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Open AccessReview
Hurdles to Cardioprotection in the Critically Ill
Int. J. Mol. Sci. 2019, 20(15), 3823; https://doi.org/10.3390/ijms20153823 - 05 Aug 2019
Abstract
Cardiovascular disease is the largest contributor to worldwide mortality, and the deleterious impact of heart failure (HF) is projected to grow exponentially in the future. As heart transplantation (HTx) is the only effective treatment for end-stage HF, development of mechanical circulatory support (MCS) [...] Read more.
Cardiovascular disease is the largest contributor to worldwide mortality, and the deleterious impact of heart failure (HF) is projected to grow exponentially in the future. As heart transplantation (HTx) is the only effective treatment for end-stage HF, development of mechanical circulatory support (MCS) technology has unveiled additional therapeutic options for refractory cardiac disease. Unfortunately, despite both MCS and HTx being quintessential treatments for significant cardiac impairment, associated morbidity and mortality remain high. MCS technology continues to evolve, but is associated with numerous disturbances to cardiac function (e.g., oxidative damage, arrhythmias). Following MCS intervention, HTx is frequently the destination option for survival of critically ill cardiac patients. While effective, donor hearts are scarce, thus limiting HTx to few qualifying patients, and HTx remains correlated with substantial post-HTx complications. While MCS and HTx are vital to survival of critically ill cardiac patients, cardioprotective strategies to improve outcomes from these treatments are highly desirable. Accordingly, this review summarizes the current status of MCS and HTx in the clinic, and the associated cardiac complications inherent to these treatments. Furthermore, we detail current research being undertaken to improve cardiac outcomes following MCS/HTx, and important considerations for reducing the significant morbidity and mortality associated with these necessary treatment strategies. Full article
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Open AccessReview
Influence of Cardiovascular Risk Factors, Comorbidities, Medication Use and Procedural Variables on Remote Ischemic Conditioning Efficacy in Patients with ST-Segment Elevation Myocardial Infarction
Int. J. Mol. Sci. 2019, 20(13), 3246; https://doi.org/10.3390/ijms20133246 - 02 Jul 2019
Cited by 2
Abstract
Remote ischemic conditioning (RIC) confers cardioprotection in patients with ST-segment elevation myocardial infarction (STEMI). Despite intense research, the translation of RIC into clinical practice remains a challenge. This may, at least partly, be due to confounding factors that may modify the efficacy of [...] Read more.
Remote ischemic conditioning (RIC) confers cardioprotection in patients with ST-segment elevation myocardial infarction (STEMI). Despite intense research, the translation of RIC into clinical practice remains a challenge. This may, at least partly, be due to confounding factors that may modify the efficacy of RIC. The present review focuses on cardiovascular risk factors, comorbidities, medication use and procedural variables which may modify the efficacy of RIC in patients with STEMI. Findings of such efficacy modifiers are based on subgroup and post-hoc analyses and thus hold risk of type I and II errors. Although findings from studies evaluating influencing factors are often ambiguous, some but not all studies suggest that smoking, non-statin use, infarct location, area-at-risk of infarction, pre-procedural Thrombolysis in Myocardial Infarction (TIMI) flow, ischemia duration and coronary collateral blood flow to the infarct-related artery may influence on the cardioprotective efficacy of RIC. Results from the on-going CONDI2/ERIC-PPCI trial will determine any clinical implications of RIC in the treatment of patients with STEMI and predefined subgroup analyses will give further insight into influencing factors on the efficacy of RIC. Full article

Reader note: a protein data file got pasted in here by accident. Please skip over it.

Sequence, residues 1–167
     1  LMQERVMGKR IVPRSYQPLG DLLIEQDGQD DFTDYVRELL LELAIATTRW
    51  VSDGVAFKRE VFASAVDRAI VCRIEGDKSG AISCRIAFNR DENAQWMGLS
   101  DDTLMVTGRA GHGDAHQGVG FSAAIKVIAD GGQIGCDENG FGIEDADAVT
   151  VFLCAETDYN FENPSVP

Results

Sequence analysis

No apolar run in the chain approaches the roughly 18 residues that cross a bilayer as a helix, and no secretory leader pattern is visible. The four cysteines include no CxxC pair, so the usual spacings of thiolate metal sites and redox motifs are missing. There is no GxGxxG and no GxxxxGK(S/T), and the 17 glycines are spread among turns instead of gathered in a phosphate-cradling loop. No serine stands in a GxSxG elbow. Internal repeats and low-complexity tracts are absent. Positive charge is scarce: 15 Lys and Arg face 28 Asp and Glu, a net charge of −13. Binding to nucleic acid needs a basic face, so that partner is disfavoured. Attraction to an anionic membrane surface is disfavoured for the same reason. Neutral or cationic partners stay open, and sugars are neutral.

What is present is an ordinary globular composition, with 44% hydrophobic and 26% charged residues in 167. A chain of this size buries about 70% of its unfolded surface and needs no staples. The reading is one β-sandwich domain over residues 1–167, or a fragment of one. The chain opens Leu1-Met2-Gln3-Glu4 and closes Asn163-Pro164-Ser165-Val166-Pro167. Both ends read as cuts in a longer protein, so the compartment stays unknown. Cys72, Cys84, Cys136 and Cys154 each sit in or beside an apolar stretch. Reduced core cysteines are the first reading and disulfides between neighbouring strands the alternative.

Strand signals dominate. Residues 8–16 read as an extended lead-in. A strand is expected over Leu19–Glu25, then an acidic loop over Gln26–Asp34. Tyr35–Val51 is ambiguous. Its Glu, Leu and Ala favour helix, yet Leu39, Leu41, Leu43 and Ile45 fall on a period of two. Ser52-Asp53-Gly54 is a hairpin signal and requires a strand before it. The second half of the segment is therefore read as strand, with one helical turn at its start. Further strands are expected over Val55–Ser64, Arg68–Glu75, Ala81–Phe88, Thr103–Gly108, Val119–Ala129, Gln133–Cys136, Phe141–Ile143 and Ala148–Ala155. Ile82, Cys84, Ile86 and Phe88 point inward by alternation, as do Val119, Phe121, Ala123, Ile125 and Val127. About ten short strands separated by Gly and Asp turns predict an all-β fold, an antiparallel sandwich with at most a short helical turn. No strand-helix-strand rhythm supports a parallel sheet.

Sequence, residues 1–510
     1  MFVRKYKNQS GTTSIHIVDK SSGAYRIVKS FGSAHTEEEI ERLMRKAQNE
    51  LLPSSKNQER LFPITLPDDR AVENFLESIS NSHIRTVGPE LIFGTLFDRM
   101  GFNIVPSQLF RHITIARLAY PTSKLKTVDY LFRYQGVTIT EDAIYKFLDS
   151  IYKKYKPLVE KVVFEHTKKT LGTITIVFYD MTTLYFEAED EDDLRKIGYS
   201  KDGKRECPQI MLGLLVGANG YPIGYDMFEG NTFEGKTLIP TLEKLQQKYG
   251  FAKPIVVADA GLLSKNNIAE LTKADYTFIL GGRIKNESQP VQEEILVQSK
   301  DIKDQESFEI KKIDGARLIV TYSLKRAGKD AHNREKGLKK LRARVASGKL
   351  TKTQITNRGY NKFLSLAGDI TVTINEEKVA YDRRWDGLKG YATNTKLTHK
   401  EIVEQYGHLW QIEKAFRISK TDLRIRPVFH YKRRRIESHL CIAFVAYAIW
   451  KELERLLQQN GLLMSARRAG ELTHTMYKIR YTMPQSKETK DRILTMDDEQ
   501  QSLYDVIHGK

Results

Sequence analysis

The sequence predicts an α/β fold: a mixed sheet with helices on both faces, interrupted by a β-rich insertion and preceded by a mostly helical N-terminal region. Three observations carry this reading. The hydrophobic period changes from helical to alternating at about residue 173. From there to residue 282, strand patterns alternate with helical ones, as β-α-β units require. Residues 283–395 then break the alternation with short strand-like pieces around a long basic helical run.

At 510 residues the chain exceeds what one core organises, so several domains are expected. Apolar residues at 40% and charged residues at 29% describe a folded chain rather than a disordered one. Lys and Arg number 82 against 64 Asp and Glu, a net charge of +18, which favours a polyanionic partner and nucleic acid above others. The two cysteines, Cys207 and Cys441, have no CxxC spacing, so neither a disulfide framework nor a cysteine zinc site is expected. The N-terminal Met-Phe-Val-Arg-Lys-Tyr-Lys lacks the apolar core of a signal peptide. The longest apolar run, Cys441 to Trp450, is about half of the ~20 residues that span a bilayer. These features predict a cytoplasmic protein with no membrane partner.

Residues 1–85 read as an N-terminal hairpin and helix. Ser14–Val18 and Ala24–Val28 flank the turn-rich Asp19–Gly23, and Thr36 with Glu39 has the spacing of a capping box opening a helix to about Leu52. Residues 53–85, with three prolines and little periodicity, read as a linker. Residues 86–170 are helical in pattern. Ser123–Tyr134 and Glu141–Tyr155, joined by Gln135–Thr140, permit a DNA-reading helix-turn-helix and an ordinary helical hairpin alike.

Open AccessArticle
Genetic Deletion or Pharmacological Inhibition of Soluble Epoxide Hydrolase Ameliorates Cardiac Ischemia/Reperfusion Injury by Attenuating NLRP3 Inflammasome Activation
Int. J. Mol. Sci. 2019, 20(14), 3502; https://doi.org/10.3390/ijms20143502 - 17 Jul 2019
Cited by 7
Abstract
Activation of the nucleotide-binding oligomerization domain-like receptor (NLR) family pyrin domain containing 3 (NLRP3) inflammasome cascade has a role in the pathogenesis of ischemia/reperfusion (IR) injury. There is growing evidence indicating cytochrome p450 (CYP450)-derived metabolites of n-3 and n-6 polyunsaturated fatty acids (PUFAs) [...] Read more.
Activation of the nucleotide-binding oligomerization domain-like receptor (NLR) family pyrin domain containing 3 (NLRP3) inflammasome cascade has a role in the pathogenesis of ischemia/reperfusion (IR) injury. There is growing evidence indicating cytochrome p450 (CYP450)-derived metabolites of n-3 and n-6 polyunsaturated fatty acids (PUFAs) possess both adverse and protective effects in the heart. CYP-derived epoxy metabolites are rapidly hydrolyzed by the soluble epoxide hydrolase (sEH). The current study hypothesized that the cardioprotective effects of inhibiting sEH involves limiting activation of the NLRP3 inflammasome. Isolated hearts from young wild-type (WT) and sEH null mice were perfused in the Langendorff mode with either vehicle or the specific sEH inhibitor t-AUCB. Improved post-ischemic functional recovery and better mitochondrial respiration were observed in both sEH null hearts or WT hearts perfused with t-AUCB. Inhibition of sEH markedly attenuated the activation of the NLRP3 inflammasome complex and limited the mitochondrial localization of the fission protein dynamin-related protein-1 (Drp-1) triggered by IR injury. Cardioprotective effects stemming from the inhibition of sEH included preserved activities of both cytosolic thioredoxin (Trx)-1 and mitochondrial Trx-2 antioxidant enzymes. Together, these data demonstrate that inhibiting sEH imparts cardioprotection against IR injury via maintaining post-ischemic mitochondrial function and attenuating a detrimental innate inflammatory response. Full article